Customs To Enforce Ban On Salvaged Vehicles From Nov 1


The Customs division of the Ghana Revenue Authority has emphasised that from the 1st of November 2020 it will commence enforcement of the law that bans importation of salvaged vehicles into Ghana, barring any unanticipated circumstances and if all provisions stipulated in the law are fulfilled.

Speaking on Eye on Port, the state agency mandated to supervise imports stipulated that for vehicles over ten years of age it will however require the Finance Minister, in consultation with the minister responsible for Trade, through a legislative instrument to specify when a motor vehicle of such nature will be allowed into Ghana after meeting some conditions stipulated in the Customs Amendment Act, Section 154 (2).

“The prohibition against the importation of salvaged motor vehicles into the country under paragraph (b) of subsection (1) of section 58 shall come into force six (6) months after the date of the coming into force of this Act.” The Assistant Commissioner of Customs in charge of Policy and Programmes at the Customs Division of the Ghana Revenue Authority, Mr. Aweya Julius Kantum disclosed.

He said since the Act was assented to on 30th of April 2020, its commencement should be from the 30th of October 2020 and enforcement should begin a day after the law takes effect.

The Customs Division of the Ghana Revenue Authority explained that for every used vehicle that is brought into the country from the day after the Law takes effect – in this case, 31st October 2020 – shippers or importers will be required to provide a clean title as well as ensure that the cars have not been wrecked, destroyed or physically damaged by collision, fire, water or any other occurrence.

Mr. Aweya Julius Kantum added: “The other one that talks about specification of the date, chapter 87 of the first schedule of the Customs tariff – i.e. heading 87.03 and 87.04 whereby the duty rate is expected to go up to 35% – has to be on the basis of a legislative instrument”.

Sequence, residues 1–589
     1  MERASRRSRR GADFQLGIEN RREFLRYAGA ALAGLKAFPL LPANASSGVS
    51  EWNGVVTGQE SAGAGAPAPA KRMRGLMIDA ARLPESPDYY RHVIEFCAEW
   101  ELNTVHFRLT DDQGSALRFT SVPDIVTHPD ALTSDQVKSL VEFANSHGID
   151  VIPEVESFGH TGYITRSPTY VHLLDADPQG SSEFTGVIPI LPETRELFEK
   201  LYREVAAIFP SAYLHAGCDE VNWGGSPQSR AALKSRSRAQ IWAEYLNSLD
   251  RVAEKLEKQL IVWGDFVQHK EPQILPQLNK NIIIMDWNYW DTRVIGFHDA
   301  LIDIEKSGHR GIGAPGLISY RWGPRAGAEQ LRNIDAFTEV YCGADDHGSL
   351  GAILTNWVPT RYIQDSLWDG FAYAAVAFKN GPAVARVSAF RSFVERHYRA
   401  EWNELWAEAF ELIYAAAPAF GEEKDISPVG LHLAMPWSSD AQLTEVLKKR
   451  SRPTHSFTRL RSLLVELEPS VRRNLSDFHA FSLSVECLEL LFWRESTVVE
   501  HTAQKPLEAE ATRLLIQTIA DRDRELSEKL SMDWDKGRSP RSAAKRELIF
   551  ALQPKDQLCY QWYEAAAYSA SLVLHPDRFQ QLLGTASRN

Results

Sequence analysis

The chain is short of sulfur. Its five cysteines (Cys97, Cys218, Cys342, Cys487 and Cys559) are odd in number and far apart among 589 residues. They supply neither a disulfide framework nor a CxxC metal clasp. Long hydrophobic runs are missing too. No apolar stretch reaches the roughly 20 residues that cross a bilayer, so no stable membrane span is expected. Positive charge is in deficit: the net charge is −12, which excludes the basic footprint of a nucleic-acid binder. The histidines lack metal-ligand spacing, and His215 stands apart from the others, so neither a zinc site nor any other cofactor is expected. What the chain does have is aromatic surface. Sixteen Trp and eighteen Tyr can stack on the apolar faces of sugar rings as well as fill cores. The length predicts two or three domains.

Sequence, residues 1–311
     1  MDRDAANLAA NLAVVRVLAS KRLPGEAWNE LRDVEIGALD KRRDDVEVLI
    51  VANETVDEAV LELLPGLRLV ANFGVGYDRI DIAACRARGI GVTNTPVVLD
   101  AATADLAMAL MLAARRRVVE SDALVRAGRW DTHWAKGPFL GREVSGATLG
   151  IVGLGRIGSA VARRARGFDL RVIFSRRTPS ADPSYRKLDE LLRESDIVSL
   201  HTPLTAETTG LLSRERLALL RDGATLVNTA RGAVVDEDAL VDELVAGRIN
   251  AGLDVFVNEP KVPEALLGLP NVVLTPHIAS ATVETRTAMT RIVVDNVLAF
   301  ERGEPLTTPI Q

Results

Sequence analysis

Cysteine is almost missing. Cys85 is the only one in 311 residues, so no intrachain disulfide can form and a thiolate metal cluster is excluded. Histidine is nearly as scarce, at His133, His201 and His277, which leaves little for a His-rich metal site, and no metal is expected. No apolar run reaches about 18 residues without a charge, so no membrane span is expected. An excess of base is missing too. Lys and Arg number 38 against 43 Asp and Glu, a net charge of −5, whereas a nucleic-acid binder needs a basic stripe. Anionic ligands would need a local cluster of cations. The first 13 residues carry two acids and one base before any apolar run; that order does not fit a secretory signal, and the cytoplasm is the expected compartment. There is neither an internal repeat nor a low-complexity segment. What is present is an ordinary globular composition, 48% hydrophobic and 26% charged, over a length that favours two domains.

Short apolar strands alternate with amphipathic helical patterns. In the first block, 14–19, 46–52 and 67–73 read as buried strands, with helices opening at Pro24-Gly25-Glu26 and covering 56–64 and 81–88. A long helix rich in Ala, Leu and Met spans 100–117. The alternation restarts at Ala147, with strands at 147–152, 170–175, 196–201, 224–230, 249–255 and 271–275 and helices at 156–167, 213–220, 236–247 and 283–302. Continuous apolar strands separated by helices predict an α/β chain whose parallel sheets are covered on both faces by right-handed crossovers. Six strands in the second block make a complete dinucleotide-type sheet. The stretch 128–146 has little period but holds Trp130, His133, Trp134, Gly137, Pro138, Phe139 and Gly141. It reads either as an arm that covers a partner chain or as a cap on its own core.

Mr. Justice Njornan Magah Yadjayime, Supervisor in charge of Vehicle Valuation Unit of the Customs Technical Services Bureau (CTSB), also explained that – contrary to popular opinion there is ambiguity with the definition of ‘salvaged’ by the law – the Act has not left room for human discretionary authority beyond what the law stipulates. “The law is looking at the number of ways vehicles get damaged; so you are looking at flooding, collisions etc., so all have been covered so that you don’t leave it to anybody’s judgement to say that this one can go and this one will not go, no,” he opined.

The Customs Officials further explained what importers of vehicles are expected to provide before clearing used cars in order to prove that they are not salvaged, from 1st November.

“In our case now, wherein we are going to have an Automotive Industry, the Ghana Standards Authority is playing a key role whereby they are going to be looking at other aspects of it – the certificate of conformance for used cars, and homologation certificates for brand-new cars – before importers can clear their cars.”

They emphasised importers should from now begin to weigh the calibre of vehicles they import into the country.

“Usually, importers employ the services of shipping agents who are able to help them go through the documentation; so, agents are the main source of information for the importers. So, once a shipper gets to know that these are the requirements before one can ship a vehicle into Ghana, they must comply to meet the requirements before shipping a car into Ghana.”